a thought was taking form
That though I’d failed some others lived
and this fact made me warm

I rose just as the townsfolk
approached to me invite
Cause though I’d love to stay I had
more lives to save tonight

I heard them call behind me
but strayed not from my path
I would soon face the seventh sin
and he would face my wrath.


This poem was written in response to a hashtag game series by Marc Tizura/@areyouingrenin. The theme was “The Seven Deadly Sins”, and this day’s particular prompt was Sloth – Belphegor. The Twitter hashtag is  – go find more flash fiction there!

The next and final part of the series, “Seven Deadly Sins VII: Ira”, can be found here.

Seven Deadly Sins V: Gula

This poem was originally published as a Twitter thread. The previous poem, “Seven Deadly Sins IV: Invidia”, can be found here.


Flies swarmed above the rooftops
each cranny and each nook
Their buzzing close to deafening
I couldn’t bear to look

And worse yet was the odor
that rose up from the town
I felt my stomach turning and
could barely keep it down

Still this was almost nothing
to what I soon would see;
The state inside the city
became too much for me

Each surface cloaked in mucus
both putrid and decayed
And people rolled around here
and ate and drank and played

I almost turned around then,
unable to withstand
The scene that played before me
too gross to understand

Then everything suspended
when somewhere further down
the street was heard a calling
to all the folks in town

And just like that the orgy
was cut without ado
And all the soddy people
walked off as if on cue

I followed at a distance
to where they all were bound
And when I saw what called them
I threw up on the ground

For what had called these people
with such a throaty roar:
A bulbous, monstrous creature
phlegm oozing from each pore

And all these fallen people
were gathering for a feast
To feed upon the liquids
that leaked out from the beast

Now nauseous and trembling
I fought a fainting spell
Aware the swollen demon
would take me if I fell

And that’s when I was spotted
and all the eating ceased
As drooling people closed in
as for another feast

The seconds felt like lifetimes
as I ransacked my brain
In search for the solution
to save me from this bane

And when the answer struck me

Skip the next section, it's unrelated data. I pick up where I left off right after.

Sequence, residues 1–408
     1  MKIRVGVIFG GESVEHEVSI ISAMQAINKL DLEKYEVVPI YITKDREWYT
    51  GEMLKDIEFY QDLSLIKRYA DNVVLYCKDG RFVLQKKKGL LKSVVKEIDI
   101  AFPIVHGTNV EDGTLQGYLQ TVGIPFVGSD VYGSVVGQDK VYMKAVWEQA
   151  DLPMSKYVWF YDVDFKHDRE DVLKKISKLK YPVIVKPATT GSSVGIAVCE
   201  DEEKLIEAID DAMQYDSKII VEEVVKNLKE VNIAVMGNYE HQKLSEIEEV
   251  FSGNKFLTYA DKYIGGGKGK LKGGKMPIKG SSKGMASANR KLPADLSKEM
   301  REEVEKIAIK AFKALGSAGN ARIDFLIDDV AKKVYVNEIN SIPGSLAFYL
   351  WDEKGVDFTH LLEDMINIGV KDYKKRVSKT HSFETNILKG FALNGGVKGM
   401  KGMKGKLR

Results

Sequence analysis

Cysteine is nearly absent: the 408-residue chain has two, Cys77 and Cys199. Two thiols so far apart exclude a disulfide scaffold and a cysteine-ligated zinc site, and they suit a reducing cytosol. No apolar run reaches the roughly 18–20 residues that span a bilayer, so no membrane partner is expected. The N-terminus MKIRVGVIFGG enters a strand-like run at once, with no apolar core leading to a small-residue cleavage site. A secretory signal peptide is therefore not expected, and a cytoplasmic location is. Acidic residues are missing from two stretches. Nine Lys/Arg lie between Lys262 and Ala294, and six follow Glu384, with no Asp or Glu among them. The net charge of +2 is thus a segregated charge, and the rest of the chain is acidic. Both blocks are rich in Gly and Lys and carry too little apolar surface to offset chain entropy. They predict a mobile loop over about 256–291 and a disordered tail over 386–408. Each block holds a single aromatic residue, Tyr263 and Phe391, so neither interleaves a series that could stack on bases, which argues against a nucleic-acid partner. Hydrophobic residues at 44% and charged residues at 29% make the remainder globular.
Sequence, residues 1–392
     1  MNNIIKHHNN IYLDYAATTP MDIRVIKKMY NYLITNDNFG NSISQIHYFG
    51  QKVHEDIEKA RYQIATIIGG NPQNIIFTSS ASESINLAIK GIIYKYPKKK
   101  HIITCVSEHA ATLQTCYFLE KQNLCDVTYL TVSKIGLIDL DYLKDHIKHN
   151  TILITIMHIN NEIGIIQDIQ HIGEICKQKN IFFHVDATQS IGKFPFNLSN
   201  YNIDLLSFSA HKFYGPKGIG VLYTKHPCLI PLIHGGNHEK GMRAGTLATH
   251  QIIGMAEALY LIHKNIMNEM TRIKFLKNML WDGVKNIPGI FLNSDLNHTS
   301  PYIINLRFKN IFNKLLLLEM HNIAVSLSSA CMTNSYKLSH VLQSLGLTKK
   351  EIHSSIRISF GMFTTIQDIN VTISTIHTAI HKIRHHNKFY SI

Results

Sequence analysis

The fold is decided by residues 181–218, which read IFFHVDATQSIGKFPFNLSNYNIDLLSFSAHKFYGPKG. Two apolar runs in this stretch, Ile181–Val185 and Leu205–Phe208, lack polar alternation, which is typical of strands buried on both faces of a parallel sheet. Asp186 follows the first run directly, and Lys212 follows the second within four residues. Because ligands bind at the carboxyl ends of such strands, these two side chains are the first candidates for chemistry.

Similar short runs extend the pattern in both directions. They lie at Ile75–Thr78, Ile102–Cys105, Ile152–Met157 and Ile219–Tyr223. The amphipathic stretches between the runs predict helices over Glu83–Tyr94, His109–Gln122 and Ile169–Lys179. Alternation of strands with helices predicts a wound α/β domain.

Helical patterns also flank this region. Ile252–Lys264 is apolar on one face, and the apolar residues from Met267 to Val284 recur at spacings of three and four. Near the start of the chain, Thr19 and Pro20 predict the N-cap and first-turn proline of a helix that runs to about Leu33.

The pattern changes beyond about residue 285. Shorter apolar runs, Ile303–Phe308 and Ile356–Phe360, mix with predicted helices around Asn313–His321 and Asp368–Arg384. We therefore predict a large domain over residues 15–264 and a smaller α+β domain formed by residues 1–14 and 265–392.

I shrank back in disgust
But lacking other options
I still did what I must

I grabbed the closest person
and bit into this boy
While putting up the act this was
a culinary joy

And this confused the people
and soon they looked around
And realized their kinsmen were
a feast of flesh abound

A massacre ensued then,
a gluttonous battue
And there amidst the carnage
I stealthily withdrew

The demon lay there waiting
as I drew close to it
He searched for words to sway me
but glut had cloyed his wit

“It’s you who’ve killed these people”
I said and pointed back
“Your gluttonous infection
has led them down this track”

And Beelzebub struck out then
but glut had made him slow
I parried with the crystal
and trapped him with its glow

The flash lit up the city,
reflected in its gore
And when the light subsided
the demon was no more

But all the fated people
lay sprawling in the dirt
Some dead and other dying
and none of them unhurt

I desperately wanted
to aid them in their plight
But duty called me elsewhere and
I slipped into the night

Five demons in the crystal
another two still free
Would I succeed ‘fore madness
could claim the rest of me?


This poem was written in response to a hashtag game series by Marc Tizura/@areyouingrenin. The theme was “The Seven Deadly Sins”, and this day’s particular prompt was Gluttony – Beelzebub. The Twitter hashtag is  – go find more flash fiction there! The next part of the series, “Seven Deadly Sins VI: Acedia”, can be found here.

Seven Deadly Sins IV: Invidia

This poem was originally published as a Twitter thread. The previous poem, “Seven Deadly Sins III: Luxuria”, can be found here.


The sea was crashing madly
towards the empty shore
And lightning lit the heavens
along with thunder’s roar

The port town seemed abandoned as
I entered in the rain
But looks can be deceiving when
you deal with the profane

Thus I resumed with caution
and soon I reached the sea
And well there I discovered what
fate had in store for me

For there amongst the surges a
monstrosity emerged
A serpent from the depths of Hell
repulsive and unpurged

And as I watched it slither
there rose up from the waves
the people of the village
turned into green eyed slaves

Undead they came towards me
a hunger in their eyes
And moaning accusations
filled with the demon’s lies

They hungered for my life force
they hungered for my quest
Denying me in envy
those things and all the rest

Aversely I conceded
that these people were lost
I could not bring them back from
the line that they had crossed

So I brandished my weapon,
the magic staff of myth
That angels once did grant me
to banish darkness with

The glowing staff before me
I fought my way ahead
Attempting to convince myself
they were already dead

When finally I stood there
right at the water’s brim
The demon pierced me with his gaze;
I stared right back at him

“So this is what it comes to”
the snake hissed with a grin
“You’ve come to meet Invida,
the fourth and mightiest sin?”

I nodded then in silence
and suddenly I knew
That all the power he possessed
was actually my due

For after all my triumphs
why should not also I
Be blessed with all the powers
befalling those up high?

A sudden rage did fill me;
I was worth more than so
And thus I raised my staff again